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Teaching the First World War
Teaching the First World War

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1 Defining propaganda

Propaganda is information designed to support a particular cause or damage an opposing cause. It is information produced to persuade its audience to think or act in a certain way. Though it has not always been associated with falsehood, propaganda now has negative connotations, and is generally used to describe information that distorts the truth or is intentionally misleading. This does not mean, however, that propaganda has to be entirely false; it may well contain elements of the truth.

Propaganda has often been ‘top-down’ in nature, orchestrated by the state with the aim of persuading the wider populace. Students may understand it in this light. But propaganda does not have to function in this way. During the First World War, the production of propaganda often depended on the cooperation between the state and private institutions – it was not solely produced by government agencies. And propagandistic content also appeared in magazines, newspapers, books, songs and postcards, for example, that were not commissioned by the state.

Students need to understand why propaganda was so important during the First World War, and here it is useful to introduce the concept of ‘total war’, a term used to describe a conflict that permeates every aspect of society, engaging both the military and civilians. In ‘total wars’, which depend on the support of entire populations, propaganda is especially important. We’ve already seen how this held true at the start of the war in Germany, where the government needed its people to think they were fighting a defensive war. The same held true of all governments at the time (and arguably since!) – people will choose to fight to defend their country and their families. It is much harder to persuade them to attack another country without provocation.

Activity 1 The functions of propaganda

Timing: Allow around 5 minutes

Before your read on, take a few minutes to consider the potential functions or purpose of propaganda. Why did governments use propaganda during the war?


Broadly speaking, propaganda often performed one or more of the following key functions during the conflict:

  • To persuade the population to support the war effort in various ways. In countries without conscription, such as in Britain at the start of the war, this involved encouraging men to enlist and women to support men in doing so.
  • To instil certain behaviours in the population, such as encouraging them to buy bonds or not waste food, for example.
  • To demonise and ridicule the enemy.
  • To influence public opinion in enemy countries.
  • To help win over and gain the support of neutral nations.

When asking students to analyse examples of propaganda, it’s useful for them to consider which of these categories their sources might fall into. In many cases, they might perform more than one of these functions.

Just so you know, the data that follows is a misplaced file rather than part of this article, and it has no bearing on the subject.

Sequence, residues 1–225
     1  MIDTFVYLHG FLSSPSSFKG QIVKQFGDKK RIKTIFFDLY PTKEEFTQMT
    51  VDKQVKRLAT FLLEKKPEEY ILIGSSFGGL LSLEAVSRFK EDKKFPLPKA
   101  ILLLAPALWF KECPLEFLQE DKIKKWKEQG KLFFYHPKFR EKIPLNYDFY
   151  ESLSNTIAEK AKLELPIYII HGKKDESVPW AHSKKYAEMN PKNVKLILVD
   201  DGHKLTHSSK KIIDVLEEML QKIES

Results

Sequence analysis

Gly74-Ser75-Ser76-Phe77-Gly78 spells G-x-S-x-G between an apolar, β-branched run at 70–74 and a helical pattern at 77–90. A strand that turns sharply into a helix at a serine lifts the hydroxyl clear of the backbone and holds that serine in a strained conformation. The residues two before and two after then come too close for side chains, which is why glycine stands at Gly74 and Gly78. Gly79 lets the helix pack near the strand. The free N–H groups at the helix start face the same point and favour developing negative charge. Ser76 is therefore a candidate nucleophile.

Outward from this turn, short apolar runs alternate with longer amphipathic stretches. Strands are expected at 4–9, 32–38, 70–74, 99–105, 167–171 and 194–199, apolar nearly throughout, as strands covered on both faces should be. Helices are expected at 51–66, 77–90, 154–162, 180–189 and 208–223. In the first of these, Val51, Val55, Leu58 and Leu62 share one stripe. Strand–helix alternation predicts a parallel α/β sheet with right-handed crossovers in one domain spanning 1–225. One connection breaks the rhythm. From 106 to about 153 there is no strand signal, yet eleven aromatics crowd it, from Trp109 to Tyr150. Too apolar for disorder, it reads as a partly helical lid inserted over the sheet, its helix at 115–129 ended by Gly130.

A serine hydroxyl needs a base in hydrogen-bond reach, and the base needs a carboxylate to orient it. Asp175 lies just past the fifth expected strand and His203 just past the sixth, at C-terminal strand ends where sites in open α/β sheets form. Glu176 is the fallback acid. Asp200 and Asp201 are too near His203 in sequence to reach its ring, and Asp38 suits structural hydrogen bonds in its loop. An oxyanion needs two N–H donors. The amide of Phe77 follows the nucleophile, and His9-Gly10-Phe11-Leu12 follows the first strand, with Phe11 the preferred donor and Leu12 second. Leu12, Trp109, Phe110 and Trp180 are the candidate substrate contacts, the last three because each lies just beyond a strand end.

Did you know?

Students can find further resources for studying the functions of propaganda during the First World War in the following places:

  1. Propaganda at Home and Abroad provides a valuable overview of propaganda during the war.
  2. Making Sense of the War discusses how various countries used propaganda to understand the war.

In the next activity, you will consider what questions we can ask of propaganda material.

Activity 2 Asking questions when analysing propaganda

Timing: Allow around 5 minutes

Before you look at some examples of war-time propaganda and analyse them, take a moment to jot down some questions you think students should ask of the material.

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Here are some questions you may have thought about:

  • Who produced this propaganda? In which country was it produced? Was it produced by the state or by a private organisation, such as a newspaper or magazine? (In some cases, this last question may be difficult to answer.)
  • When was it produced? What was the historical context (key political and military events, for example)?
  • Who was the likely audience? Did it address a particular group of society or a particular nation, for example?
  • What does the propaganda tell us? If it is an image, which countries or people are depicted? If it is a textual example, what does the author of the piece discuss and describe?
  • What was the purpose of this propaganda? You may find it useful here to refer again to the four key functions of First World War propaganda outlined above. Students should consider the intended audience of the propaganda and what it was designed to achieve.
  • How does this example of propaganda persuade its audience? Does it play on people’s fears? Does it use humour and ridicule? Does it attempt to shame or encourage people to act in a certain way?
  • What are the uses and limitations of this source for historians? How useful is this source and what can it tell us more broadly about the history of the First World War? What doesn’t it tell us?

Your list might have looked similar, or you might have come up with different questions. This would also be a useful exercise for your students to complete.

When analysing propaganda as a primary source, students can use these questions as a guide. They may not be able to answer all of them, but, with further research online, it should be possible to answer many of them.

In the next sections, you’ll analyse propaganda from three different countries with worked examples for each. Each section will begin with a brief overview of the organisation, character and functions of propaganda in each of these countries, before introducing two examples that can be analysed as sources in the classroom.